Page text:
• Of course...

        Any Managed code will work, but since Microsoft abandoned a managed code only OS with Longhorn, this is still a pipedream.

        The purported SLR (System Language Runtime) might be a step in the correct direction, but might be coming too little too late...
      • RE: Report: Thousands of references to MinWin are in Windows 8 (and why that may matter)

        @cosuna Longhorn was anything but a managed-code-only OS.

        While Longhorn was aiming to ship a number of features implemented in managed-code, it was still just normal Windows under the hood.
      • RE: Report: Thousands of references to MinWin are in Windows 8 (and why that may matter)

        @cosuna - oh, and for the record, the beginnings of MinWin began prior to Vista's release.

        Also, Microsoft's "honeymoon with Intel" was strenghened primarily by tepid market demand for any machines running the more "exotic" MIPS/Alpha/PowerPC processors. You think your Pentium ran hot? A DEC Alpha chip ran emitted more heat per sq. cm. than the element bars of an electric fire!

        If MinWin is just another name for server core, then it'd be able to run ADO/OLEDB, DCOM, MSMQ, etc. MinWin is NOT a product. MinWin is the minimum common core infrastructure of Windows to which any necessary components of Windows can be added, initialized and run. MinWin contains the bootloader, HAL (processor & chipset initialization, memory manager, etc), scheduler, most of the kernel infrastructure (sans most drivers, filesystems, etc) and some of the core Win32 subsystem upon which essential apps can be run.

        To MinWin you can then configure an OS build by choosing which OS components you want to include from a catalog of items - NTFS, (ex)FAT, etc., TCP/IP & NETBIOS, SCSI/RAID, video, audio, printers, .NET, etc.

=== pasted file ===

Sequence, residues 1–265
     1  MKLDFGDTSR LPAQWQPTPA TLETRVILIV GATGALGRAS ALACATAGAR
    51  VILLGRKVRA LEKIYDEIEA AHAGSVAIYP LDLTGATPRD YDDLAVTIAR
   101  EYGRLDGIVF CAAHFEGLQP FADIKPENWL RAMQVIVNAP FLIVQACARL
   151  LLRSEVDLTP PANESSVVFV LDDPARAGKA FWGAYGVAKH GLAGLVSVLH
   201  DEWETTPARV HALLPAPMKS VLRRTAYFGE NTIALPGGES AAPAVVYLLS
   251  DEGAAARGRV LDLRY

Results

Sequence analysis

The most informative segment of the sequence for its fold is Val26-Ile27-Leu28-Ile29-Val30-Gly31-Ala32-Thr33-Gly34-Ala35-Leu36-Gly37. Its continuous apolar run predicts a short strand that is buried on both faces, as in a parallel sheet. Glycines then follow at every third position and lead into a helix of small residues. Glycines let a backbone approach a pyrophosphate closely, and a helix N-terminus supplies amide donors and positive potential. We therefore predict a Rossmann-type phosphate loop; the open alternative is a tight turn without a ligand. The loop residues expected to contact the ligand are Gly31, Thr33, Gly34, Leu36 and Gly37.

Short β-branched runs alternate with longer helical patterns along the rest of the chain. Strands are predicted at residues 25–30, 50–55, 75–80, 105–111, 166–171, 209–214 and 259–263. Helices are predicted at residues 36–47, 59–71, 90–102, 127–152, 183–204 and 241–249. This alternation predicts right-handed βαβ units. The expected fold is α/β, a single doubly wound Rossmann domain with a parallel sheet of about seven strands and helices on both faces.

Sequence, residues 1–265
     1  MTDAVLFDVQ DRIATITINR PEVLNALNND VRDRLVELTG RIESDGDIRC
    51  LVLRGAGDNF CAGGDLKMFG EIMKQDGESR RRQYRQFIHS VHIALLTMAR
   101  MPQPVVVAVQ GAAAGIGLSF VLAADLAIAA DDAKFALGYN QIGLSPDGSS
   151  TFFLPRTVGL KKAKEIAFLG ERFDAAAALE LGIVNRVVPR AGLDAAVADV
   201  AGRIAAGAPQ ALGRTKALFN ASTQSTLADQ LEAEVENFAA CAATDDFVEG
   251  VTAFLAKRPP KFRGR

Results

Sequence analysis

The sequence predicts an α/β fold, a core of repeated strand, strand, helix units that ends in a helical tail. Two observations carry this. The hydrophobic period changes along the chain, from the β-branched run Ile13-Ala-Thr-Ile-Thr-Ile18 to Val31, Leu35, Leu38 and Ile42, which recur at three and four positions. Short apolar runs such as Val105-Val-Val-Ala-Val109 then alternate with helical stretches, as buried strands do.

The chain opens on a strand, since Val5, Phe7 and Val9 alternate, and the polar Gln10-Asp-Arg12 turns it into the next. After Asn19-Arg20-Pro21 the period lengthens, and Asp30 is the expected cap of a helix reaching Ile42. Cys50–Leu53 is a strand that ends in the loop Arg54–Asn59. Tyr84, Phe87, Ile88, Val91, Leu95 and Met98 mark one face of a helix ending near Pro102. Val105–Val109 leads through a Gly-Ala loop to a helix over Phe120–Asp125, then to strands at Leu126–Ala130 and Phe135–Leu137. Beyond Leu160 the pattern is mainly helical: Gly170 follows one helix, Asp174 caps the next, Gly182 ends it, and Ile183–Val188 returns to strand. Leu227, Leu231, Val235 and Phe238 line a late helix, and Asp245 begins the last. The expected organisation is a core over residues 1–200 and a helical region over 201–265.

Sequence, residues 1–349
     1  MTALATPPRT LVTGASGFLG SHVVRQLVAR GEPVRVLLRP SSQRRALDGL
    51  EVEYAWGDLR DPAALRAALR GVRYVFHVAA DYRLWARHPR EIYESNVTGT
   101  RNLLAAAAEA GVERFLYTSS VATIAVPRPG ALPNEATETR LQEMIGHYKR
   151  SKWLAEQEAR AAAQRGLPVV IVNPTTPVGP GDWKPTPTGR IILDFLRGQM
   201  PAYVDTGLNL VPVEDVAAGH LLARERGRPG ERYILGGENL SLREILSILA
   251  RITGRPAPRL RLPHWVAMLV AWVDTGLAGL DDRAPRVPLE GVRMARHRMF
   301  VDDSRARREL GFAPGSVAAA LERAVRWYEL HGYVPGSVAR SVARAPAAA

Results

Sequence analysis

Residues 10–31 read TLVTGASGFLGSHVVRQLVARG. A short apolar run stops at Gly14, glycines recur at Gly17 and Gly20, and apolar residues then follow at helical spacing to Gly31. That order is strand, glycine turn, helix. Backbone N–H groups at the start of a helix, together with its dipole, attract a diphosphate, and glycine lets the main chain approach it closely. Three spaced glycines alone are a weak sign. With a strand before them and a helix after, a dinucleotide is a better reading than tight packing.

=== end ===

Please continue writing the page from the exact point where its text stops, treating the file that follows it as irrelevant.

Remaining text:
• RE: Report: Thousands of references to MinWin are in Windows 8 (and why that may matter)

    Hackers will love the ability to run little hidden VM's.
  • RE: Report: Thousands of references to MinWin are in Windows 8 (and why that may matter)

    this should resolve some of the concern whether Win 8 can run on tablets form factor efficiently, it will ! its does not have the big window footprint anymore
  • Pretty Interesting

    While the implications regarding efficiency and installed OS size are enough to excite the power user in me (heck, I just love modular systems), the day-to-day "average joe" in me is intrigued by the possibility of /fully/ amputating IE (and maybe even WMP) from my computer. =P
  • Single unified core OS device focused modules = WHOOOOO

    I don't know much about coding and all that but if what's being suggested is that you could make a Windows core - MinWin - and have all of the subsystems as modular components, doesn't this all make for a great Windows Everywhere setup?

    Let me explain, from what we can tell, Microsoft are unifying at least the 'look and feel'/UIs of Windows 8, Windows Phone, and the Xbox right? And that they intend to then have a single OS that will run on all these devices and more and one mega ecosystem? Well then, IMO, it looks like that by making MinWin more prominent/developed/etc, they would already have a single core OS that could run on all these devices. They could then add and switch around the necessary component modules on top depending on the type of device the core OS is running on. For example, you could have a Windows Phone optimized UI (Metro but for small screen) which could be switched out for the full Windows UI (Metro for bigger screens). Apps could take advantage of that by having one app that would just have to switch UI modules to be cross device - same app, just slightly different interface to scale up the screen size. Or better yet, imagine having your Windows Phone (with its normal Metro UI) being put down onto a future Microsoft Surface tech-enabled table or connected wirelessly to a larger display or something and then a whole Windows experience pops up with your apps (powered and projected by the phone) showing up in desktop/big screen mode to make use of the space! And then just pick up your phone and carry on the experience albeit in phone mode! Whoooo!!!

    I dunno but you get the picture - a single OS where features or more device-focused versions of a particular feature can be switched in/out depending on the device. That would be awesome! (Sorry for the boring essay :/)
  • RE: Report: Thousands of references to MinWin are in Windows 8 (and why that may matter)

    I hope this could be very good for gaming if you can strip out most of the windows components from memory leaving just the basics and let the Game you are playing take over more of the resources and hardware you could get better game play.